With its Aptiva home computing division still under the block after failing to make an impact on the consumer market (CI No 3,268), IBM Corp is considering another assault on home computing, reports Bloomberg. IBM plans to sell a digital network for the home, due onto the market by Christmas next year, said the report. Code named The Home Network, the project is apparently being championed by IBM chief Louis Gerstner, and involves a number of divisions at IBM. The product will be based around a digital appliance server to store and manage network information, with devices such as digital video disk players for movies and games, scanners,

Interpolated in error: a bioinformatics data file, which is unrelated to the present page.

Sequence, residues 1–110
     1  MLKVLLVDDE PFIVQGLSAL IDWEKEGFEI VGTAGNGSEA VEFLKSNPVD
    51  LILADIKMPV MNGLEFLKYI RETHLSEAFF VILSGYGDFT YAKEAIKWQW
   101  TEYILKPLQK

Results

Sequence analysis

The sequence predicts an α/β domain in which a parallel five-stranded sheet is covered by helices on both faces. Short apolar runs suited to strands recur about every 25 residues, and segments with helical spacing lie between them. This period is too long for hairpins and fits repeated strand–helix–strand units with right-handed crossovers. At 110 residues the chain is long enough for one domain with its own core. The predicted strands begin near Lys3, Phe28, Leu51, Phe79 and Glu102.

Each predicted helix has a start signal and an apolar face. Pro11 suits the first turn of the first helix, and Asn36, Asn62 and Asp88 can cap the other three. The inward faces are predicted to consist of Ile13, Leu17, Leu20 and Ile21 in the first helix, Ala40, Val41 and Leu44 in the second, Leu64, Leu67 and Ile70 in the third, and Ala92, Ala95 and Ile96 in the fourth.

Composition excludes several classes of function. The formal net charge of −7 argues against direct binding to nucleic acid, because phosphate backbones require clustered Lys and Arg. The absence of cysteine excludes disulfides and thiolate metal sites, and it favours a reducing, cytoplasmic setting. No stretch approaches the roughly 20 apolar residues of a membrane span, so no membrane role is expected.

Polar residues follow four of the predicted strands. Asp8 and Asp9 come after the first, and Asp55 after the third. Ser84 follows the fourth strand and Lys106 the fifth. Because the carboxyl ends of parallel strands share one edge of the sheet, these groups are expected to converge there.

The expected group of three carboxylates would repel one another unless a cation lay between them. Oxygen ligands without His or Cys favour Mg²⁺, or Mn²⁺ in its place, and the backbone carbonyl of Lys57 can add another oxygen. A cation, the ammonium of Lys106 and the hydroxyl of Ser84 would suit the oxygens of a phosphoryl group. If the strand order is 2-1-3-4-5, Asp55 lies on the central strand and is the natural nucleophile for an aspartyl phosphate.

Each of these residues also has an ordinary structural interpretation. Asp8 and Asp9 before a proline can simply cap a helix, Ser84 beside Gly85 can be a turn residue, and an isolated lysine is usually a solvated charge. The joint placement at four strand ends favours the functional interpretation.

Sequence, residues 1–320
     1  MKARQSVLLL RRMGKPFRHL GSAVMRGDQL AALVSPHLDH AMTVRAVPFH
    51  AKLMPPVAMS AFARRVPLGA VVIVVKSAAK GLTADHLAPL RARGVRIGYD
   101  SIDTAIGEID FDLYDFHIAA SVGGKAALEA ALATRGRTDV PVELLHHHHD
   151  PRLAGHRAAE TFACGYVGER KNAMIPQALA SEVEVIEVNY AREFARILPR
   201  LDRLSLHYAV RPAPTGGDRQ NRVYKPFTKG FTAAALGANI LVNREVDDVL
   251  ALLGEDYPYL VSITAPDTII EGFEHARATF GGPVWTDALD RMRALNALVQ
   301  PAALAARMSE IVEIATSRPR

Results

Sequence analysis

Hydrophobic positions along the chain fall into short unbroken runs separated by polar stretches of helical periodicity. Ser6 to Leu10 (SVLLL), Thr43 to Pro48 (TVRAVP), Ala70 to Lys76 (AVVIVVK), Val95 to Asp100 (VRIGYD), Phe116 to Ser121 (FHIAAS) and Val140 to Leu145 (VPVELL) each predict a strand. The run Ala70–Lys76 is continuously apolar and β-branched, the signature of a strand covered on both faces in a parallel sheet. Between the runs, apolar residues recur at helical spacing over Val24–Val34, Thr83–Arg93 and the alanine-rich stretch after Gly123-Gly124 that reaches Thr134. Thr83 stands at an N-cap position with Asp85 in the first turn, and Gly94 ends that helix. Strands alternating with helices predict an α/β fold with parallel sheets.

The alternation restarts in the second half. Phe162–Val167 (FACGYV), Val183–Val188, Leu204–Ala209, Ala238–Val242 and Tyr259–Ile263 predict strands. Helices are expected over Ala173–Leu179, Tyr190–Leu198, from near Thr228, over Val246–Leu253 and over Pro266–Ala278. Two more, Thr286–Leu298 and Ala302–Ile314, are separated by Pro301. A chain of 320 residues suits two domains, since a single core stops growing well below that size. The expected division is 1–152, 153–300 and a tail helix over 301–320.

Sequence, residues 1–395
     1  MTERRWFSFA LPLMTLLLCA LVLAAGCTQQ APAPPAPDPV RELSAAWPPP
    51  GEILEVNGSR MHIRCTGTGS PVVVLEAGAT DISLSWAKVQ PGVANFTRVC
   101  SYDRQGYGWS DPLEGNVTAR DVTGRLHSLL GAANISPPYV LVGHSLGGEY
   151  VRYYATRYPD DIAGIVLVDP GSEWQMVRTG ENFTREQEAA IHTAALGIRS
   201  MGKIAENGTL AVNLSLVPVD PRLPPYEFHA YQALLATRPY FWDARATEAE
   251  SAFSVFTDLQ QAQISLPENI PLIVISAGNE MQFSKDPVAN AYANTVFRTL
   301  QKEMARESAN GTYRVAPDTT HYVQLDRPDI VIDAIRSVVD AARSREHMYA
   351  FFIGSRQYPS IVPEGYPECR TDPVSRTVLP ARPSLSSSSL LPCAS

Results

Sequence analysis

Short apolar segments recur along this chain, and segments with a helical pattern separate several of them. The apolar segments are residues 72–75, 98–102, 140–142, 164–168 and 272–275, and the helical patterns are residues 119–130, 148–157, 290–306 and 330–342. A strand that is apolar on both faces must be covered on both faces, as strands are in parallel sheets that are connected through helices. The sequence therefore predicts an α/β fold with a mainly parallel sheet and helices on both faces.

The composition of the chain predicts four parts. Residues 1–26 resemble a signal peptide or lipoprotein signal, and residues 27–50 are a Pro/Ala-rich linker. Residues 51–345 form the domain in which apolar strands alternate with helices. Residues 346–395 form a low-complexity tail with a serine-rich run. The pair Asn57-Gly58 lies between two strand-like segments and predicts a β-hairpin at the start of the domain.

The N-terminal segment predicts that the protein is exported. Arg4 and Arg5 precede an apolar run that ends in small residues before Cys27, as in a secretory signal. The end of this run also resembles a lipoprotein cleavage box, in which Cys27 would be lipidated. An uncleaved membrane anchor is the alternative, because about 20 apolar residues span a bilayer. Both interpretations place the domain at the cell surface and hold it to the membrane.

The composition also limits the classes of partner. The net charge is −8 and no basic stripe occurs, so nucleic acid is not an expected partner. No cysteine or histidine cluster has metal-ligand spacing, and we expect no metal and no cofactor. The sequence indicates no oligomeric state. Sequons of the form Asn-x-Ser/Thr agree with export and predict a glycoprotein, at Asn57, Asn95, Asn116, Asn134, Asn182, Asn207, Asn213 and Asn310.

printers, monitors and fax machines attached to the device using wireless transmission. IBM’s Network Station network computers could be used to run PC applications. Prices would depend on how many devices were attached, but a basic set-up might cost $3,000, Trey Smith, chief technology officer for IBM’s PC unit is reported to have said. The appliance is likely to be Intel
x86-based and use Microsoft Corp software, the report suggested.
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